As anyone who actually cares about the world and its people and who believes that everyone should have equal access too all of America’s bounty will proclaim, America’s health care system is a class system of the worst kind (you Republicans and Rabid Religious Right zealots can go find something else to do instead of going any further since you won’t understand much of what follows and will only get perplexed by what little you do).
Where do the three viable candidates stand on this all important issue and what can we deduce from their historic actions on the subject? Plenty!
Let’s start with Tumbleweed, again. He has had a five year record to examine as Gov. of Texas and, as is the case with all politicians, actions always speak louder than promises made in the heat of a close campaign, promises that are very seldom even remembered, let alone kept.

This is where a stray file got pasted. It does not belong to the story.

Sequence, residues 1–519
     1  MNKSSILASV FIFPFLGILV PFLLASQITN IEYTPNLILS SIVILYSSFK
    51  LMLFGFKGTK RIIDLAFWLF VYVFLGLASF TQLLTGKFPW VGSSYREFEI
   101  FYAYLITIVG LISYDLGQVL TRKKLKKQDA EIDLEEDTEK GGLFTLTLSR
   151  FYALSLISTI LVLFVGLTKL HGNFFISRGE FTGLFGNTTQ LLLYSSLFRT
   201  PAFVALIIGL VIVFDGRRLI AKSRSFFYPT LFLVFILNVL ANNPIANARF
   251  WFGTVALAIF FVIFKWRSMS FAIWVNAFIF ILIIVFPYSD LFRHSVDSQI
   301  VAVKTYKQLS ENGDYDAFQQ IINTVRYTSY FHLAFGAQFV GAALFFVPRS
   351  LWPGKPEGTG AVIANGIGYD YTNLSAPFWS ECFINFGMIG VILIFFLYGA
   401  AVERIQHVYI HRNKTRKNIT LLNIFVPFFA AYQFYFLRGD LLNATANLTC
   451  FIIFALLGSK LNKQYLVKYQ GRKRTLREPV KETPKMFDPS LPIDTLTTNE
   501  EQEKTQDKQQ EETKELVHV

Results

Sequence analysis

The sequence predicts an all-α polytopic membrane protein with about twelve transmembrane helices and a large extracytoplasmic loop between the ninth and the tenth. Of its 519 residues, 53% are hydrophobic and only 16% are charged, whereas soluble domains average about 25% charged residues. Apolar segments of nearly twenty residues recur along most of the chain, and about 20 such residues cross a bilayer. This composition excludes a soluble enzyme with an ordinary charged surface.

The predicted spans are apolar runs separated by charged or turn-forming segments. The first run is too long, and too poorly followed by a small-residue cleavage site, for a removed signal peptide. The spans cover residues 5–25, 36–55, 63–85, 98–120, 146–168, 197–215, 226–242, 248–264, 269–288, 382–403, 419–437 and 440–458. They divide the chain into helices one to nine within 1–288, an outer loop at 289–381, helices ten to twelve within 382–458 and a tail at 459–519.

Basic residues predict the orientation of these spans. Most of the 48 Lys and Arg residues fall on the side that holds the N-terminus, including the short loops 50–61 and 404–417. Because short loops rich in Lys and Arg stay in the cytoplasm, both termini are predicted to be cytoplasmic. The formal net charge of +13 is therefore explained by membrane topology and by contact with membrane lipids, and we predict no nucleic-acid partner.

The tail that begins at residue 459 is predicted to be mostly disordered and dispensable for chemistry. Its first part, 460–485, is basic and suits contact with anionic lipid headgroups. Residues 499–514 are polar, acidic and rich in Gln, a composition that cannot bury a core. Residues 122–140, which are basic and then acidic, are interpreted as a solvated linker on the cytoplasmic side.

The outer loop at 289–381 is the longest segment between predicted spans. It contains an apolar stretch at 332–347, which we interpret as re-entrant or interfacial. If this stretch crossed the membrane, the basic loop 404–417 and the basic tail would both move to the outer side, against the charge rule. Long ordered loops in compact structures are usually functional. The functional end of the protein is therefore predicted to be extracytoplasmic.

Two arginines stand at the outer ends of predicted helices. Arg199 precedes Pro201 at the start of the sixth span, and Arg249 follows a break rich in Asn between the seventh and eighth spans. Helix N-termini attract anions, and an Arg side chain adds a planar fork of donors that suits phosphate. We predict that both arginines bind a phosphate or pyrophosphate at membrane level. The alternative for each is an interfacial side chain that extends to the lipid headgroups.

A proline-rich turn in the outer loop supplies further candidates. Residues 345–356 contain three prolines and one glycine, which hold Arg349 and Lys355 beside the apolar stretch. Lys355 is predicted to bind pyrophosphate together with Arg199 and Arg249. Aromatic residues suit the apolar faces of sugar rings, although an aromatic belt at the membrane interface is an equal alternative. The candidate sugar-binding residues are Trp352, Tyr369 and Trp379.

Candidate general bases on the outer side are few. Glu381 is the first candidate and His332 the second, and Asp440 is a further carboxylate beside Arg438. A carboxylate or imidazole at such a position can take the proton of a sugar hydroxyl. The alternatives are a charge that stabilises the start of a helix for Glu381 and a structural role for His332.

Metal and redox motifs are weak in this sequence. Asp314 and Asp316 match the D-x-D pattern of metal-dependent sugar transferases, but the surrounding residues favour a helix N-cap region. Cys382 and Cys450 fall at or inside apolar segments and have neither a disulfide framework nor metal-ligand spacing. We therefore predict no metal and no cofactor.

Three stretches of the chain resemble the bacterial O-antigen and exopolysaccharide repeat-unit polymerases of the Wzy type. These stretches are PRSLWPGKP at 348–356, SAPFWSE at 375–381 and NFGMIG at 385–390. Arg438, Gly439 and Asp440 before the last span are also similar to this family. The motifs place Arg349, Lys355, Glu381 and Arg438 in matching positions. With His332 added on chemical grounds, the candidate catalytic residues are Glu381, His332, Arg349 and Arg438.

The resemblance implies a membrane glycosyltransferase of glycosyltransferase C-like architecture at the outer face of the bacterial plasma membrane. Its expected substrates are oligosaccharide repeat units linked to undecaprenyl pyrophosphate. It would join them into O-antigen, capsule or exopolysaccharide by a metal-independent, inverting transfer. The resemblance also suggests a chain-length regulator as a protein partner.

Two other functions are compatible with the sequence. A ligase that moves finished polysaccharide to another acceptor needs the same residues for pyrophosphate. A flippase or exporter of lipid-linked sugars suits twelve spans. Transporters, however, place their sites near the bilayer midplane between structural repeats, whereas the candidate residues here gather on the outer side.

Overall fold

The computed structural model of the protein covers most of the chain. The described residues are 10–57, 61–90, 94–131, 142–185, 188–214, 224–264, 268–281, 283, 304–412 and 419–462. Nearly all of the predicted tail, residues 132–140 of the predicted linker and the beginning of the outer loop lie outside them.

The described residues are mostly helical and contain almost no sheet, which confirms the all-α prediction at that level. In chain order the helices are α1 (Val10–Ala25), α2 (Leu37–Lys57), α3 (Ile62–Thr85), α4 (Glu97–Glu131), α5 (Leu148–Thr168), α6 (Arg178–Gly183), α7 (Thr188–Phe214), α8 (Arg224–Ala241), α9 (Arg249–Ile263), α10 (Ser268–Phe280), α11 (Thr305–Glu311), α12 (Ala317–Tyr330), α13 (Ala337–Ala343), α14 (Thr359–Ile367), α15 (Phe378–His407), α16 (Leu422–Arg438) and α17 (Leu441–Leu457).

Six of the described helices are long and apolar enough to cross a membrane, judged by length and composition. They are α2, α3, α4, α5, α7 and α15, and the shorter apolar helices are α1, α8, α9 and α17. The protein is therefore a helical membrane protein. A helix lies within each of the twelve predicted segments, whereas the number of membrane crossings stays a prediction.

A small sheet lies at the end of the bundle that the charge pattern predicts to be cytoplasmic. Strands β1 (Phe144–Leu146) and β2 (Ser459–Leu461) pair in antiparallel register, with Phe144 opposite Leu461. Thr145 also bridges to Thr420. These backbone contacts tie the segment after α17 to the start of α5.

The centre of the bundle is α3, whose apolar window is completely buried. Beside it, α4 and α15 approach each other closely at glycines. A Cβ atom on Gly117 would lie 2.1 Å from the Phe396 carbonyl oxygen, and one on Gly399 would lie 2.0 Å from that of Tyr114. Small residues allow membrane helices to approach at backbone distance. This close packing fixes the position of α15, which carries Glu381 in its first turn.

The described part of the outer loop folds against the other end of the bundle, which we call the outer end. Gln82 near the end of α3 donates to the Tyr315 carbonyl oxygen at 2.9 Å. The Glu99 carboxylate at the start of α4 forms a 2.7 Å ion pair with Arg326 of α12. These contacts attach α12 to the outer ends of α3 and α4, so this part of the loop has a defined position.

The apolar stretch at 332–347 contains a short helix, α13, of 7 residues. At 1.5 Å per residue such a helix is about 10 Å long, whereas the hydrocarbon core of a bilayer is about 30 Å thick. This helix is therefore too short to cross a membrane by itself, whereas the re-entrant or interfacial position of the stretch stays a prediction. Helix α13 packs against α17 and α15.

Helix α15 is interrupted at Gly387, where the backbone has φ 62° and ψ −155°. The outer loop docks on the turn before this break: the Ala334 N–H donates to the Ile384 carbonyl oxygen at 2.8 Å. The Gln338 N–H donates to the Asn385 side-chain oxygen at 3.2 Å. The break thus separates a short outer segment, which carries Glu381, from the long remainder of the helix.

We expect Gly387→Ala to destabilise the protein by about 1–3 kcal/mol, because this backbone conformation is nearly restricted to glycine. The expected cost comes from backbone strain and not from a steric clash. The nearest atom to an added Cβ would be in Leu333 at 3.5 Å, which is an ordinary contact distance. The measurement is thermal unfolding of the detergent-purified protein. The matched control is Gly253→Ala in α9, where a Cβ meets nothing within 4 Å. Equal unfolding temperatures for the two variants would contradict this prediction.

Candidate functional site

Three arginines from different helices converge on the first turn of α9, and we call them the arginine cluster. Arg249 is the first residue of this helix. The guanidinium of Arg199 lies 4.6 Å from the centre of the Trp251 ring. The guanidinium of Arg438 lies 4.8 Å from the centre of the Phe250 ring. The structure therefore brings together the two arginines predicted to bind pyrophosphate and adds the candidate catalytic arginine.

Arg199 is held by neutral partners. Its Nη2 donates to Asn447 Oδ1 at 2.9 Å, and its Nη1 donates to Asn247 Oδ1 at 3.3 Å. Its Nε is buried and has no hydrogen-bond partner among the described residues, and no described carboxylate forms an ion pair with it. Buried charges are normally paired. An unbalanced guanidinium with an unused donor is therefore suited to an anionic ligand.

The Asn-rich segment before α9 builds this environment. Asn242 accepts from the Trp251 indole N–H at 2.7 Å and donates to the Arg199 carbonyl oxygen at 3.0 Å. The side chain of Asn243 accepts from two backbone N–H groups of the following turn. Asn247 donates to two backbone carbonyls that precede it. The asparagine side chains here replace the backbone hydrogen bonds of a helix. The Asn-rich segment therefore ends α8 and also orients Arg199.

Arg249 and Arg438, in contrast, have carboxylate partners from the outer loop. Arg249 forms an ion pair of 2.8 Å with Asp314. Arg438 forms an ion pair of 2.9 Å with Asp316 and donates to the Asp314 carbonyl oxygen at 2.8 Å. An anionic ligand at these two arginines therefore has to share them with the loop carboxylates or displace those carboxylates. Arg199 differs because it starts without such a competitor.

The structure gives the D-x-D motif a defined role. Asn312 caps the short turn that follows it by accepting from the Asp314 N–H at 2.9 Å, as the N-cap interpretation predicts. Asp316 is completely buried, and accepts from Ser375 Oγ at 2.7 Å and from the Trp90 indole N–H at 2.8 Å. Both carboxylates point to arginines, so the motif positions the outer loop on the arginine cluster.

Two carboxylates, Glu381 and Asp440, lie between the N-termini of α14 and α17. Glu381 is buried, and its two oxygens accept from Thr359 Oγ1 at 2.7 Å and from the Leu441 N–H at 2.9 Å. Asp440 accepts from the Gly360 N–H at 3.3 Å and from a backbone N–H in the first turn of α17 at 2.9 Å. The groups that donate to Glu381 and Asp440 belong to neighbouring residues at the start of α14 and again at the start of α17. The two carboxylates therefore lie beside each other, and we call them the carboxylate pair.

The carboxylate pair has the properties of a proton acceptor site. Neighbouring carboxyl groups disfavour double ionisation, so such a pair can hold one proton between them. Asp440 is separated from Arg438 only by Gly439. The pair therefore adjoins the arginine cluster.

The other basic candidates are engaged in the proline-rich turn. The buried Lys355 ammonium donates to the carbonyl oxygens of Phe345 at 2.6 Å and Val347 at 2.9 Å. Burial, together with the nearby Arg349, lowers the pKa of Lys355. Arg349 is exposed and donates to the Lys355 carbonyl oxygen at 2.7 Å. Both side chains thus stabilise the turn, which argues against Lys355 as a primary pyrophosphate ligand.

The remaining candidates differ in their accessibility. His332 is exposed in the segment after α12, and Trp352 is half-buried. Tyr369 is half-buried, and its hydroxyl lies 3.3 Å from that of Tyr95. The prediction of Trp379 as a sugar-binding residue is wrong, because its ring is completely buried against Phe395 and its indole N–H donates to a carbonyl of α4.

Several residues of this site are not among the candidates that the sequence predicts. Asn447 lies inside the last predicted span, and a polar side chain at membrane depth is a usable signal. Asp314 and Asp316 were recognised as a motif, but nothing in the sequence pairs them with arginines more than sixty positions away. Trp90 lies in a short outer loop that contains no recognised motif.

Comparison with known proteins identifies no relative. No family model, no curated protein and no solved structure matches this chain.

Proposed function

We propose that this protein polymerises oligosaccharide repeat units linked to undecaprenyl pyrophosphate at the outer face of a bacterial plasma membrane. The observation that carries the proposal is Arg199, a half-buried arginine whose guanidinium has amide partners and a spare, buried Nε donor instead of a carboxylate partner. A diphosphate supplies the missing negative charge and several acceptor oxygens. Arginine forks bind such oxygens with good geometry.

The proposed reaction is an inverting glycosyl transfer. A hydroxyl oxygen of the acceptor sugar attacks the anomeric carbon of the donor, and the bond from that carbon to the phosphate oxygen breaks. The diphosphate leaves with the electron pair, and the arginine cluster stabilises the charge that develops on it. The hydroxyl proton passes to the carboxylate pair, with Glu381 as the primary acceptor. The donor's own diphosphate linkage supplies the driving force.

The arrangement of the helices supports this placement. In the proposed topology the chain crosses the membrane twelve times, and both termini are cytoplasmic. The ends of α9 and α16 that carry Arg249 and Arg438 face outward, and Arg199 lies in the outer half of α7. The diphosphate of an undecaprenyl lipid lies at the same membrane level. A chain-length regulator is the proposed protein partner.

As usual, we prefer to always base our opinions on facts, not the warmed over opinions of talking heads or half wit pundits. Therefore, let’s consider the following statistics for the great state of Texas:
Ranking of all states for children without any form of health insurance - 2nd ( 1 )
Ranking in percentage of all children in state without insurance - 1st ( 1 )
Ranking in percentage of poor working parents without health insurance - 1st ( 1 )
Ranking in percentage of entire population without health insurance - 1st ( 1 )
Ranking of percentage of total population stripped of Medicare funds - 1st ( 2 )
Ranking of teen birth rate - 5th ( 3 )
Per capita funding for public health - 48th (3 )
Mothers receiving prenatal care - 45th ( 4 )